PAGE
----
Commercial banks are those that provide the general public with deposit and withdrawal accounts services, and with loans. The odds are you deal with a commercial bank on a regular basis. There are a variety of methods by which commercial banks make a profit, including fees, credit card interest, loans and optional add-ons. Firstly, commercial banks make a profit by fees. There are fees attached to most of the products that a commercial bank provides, and these fees add up to a large part of the average annual profit.
Fees are charged for checking accounts, debt card use, and credit card swipes. There are penalty fees for overdrafts and for late payments on bank-issued credit cards, and there are maintenance fees for many types of savings and investment accounts. Multiply each fee by the number of patrons at each bank and you will quickly understand how much is made in this way. Prepaid credit cards are a particularly profitable venture for many commercial banks. They stand to earn threefold through monthly fees, use fees and payment fees. Secondly, commercial banks make a profit by loans.
Commercial banks lend money to consumers in the form of car loans, mortgages and personal loans. The money distributed for these loans comes from the deposits of other bank customers, whose withdrawals may be restricted by a minimum balance, or by the term of their certificate of deposit accounts, for instance. Since the bank knows these funds will most likely remain where they are for a given period, a certain amount of the funds can be lent to others, who will then repay their loans with interest. The bank collects interest on the money of its depositors while never risking any actual money of its own.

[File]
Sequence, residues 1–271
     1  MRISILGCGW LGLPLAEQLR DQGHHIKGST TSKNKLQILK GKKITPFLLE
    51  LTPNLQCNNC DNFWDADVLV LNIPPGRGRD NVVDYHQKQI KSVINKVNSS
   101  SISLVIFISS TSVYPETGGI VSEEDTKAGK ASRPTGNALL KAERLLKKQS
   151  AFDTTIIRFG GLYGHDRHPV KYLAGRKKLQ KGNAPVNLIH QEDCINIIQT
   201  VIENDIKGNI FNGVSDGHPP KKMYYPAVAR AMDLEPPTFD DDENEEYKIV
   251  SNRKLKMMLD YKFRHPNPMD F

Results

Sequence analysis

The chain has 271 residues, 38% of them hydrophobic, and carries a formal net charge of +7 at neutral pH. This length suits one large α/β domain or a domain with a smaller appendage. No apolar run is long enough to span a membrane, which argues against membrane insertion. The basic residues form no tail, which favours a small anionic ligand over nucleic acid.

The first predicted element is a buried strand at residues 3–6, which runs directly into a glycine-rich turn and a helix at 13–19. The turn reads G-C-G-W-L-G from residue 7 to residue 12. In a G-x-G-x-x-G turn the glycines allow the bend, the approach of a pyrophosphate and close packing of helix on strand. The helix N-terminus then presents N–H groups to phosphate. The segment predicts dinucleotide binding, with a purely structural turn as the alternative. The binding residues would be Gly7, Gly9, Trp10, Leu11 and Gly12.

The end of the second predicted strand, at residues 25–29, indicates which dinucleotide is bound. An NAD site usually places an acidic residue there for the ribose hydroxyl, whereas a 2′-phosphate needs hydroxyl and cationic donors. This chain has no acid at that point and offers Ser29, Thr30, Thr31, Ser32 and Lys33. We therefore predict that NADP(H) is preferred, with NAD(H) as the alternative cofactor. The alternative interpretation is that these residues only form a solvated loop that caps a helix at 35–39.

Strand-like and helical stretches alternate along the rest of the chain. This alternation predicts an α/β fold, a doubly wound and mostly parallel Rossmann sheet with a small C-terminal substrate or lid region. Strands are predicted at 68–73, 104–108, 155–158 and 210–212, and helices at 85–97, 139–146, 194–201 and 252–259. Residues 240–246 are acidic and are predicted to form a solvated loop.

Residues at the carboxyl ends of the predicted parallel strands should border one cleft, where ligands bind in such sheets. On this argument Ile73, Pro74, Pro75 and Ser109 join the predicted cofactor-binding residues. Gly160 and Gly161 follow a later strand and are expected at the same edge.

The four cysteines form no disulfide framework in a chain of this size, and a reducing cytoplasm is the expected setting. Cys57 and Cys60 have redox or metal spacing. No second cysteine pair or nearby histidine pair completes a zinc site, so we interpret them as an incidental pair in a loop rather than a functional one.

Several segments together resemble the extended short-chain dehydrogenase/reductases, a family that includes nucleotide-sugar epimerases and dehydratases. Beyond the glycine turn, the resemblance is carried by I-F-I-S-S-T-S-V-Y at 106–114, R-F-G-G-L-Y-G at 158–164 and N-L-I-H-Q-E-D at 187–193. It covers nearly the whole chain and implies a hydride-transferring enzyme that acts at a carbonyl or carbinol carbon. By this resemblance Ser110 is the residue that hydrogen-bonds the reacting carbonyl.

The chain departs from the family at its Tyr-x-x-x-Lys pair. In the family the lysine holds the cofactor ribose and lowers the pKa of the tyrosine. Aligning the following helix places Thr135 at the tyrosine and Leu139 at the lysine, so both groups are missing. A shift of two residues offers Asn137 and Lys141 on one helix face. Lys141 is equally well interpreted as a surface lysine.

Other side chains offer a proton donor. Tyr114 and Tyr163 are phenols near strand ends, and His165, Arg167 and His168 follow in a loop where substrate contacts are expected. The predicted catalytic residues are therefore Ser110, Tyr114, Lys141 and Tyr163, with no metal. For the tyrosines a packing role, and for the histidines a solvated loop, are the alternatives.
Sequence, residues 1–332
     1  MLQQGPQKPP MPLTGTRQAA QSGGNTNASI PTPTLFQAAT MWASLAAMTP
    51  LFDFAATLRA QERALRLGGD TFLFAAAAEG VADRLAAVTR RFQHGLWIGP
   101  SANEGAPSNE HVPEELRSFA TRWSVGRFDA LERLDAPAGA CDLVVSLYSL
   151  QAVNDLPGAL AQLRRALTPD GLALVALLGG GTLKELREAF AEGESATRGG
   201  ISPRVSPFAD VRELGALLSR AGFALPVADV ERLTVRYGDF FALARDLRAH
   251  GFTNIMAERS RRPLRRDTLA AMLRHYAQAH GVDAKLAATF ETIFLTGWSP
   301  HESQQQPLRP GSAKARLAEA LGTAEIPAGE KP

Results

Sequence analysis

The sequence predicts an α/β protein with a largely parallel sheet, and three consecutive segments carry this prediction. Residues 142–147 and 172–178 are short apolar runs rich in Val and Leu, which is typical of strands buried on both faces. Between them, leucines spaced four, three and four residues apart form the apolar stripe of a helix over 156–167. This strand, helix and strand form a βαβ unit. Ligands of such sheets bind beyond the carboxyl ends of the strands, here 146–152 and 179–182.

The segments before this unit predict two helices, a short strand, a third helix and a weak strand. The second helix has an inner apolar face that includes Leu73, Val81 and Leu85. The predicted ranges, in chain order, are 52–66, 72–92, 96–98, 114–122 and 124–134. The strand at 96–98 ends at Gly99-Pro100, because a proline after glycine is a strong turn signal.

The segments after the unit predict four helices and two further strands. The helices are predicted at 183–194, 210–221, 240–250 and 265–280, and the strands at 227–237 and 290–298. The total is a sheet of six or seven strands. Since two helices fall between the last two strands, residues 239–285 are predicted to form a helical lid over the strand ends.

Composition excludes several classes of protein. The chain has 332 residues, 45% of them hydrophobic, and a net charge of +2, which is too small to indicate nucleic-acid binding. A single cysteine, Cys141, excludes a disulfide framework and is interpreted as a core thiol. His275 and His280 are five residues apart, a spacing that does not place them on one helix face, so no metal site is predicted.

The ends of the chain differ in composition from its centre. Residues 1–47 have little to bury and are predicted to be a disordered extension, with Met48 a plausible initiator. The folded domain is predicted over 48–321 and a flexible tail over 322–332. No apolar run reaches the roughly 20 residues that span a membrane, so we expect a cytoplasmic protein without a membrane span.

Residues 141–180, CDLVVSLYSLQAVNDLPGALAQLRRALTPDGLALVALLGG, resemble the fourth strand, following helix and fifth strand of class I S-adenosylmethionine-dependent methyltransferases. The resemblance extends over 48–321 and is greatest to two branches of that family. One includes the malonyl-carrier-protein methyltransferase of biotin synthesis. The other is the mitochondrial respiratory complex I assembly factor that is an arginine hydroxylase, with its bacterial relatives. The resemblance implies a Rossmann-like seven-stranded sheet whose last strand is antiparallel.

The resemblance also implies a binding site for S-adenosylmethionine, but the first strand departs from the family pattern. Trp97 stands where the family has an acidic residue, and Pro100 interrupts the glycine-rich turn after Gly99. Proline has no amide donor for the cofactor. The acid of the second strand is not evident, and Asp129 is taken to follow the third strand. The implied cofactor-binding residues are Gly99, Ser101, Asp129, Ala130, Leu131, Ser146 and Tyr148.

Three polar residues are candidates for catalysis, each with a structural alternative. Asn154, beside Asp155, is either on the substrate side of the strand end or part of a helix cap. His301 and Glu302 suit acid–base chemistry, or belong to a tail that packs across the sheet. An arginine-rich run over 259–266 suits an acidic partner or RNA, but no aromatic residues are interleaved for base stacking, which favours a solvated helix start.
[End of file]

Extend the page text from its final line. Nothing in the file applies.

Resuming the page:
In this way, the finances of several bank customers are managed using the funds of perhaps one depositor. Thirstly, commercial banks make a profit by credit cards. The interest rate on most credit cards far outweighs that charged for any other type of loan. Revolving credit places the buying power you need into your hands instantly at the time you need it, and customers are charged a premium for this privilege. In many cases, banks welcome new card holders with relatively low or zero interest rates on purchases or balance transfers.
The catch is that after the introductory period these rates jump up to the norm, which can range anywhere from 15 percent to near 30 percent. The profit windfall for the bank can be substantial, and can be sustained over a period of years while the customer attempts to pay down the debt. Last but not least, commercial banks make a profit by add-ons. Commercial banks typically offer a line of special features that are marketed as insurance against the accumulation of penalties such as overdraft fees — which are also applied by the bank.
Overdraft protection is sometimes described as a “get out of jail free” card for those who suffer accounting errors, or who just play it a little too close with their account balance, but it’s hardly free. In the end, the protection will likely cost you more than an occasional overdraft would. Add-ons are a clear way that commercial banks create revenue out of nothing. In conclusion, commercial banks make a profit by 4 main methods: fees, credit card interest, loans and optional add-ons.